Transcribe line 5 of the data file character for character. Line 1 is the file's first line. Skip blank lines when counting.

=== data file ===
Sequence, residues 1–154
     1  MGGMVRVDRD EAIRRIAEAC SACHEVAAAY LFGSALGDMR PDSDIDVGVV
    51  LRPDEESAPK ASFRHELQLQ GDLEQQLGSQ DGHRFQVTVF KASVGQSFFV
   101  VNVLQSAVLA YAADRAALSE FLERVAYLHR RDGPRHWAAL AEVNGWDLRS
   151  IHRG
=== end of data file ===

   151  IHRG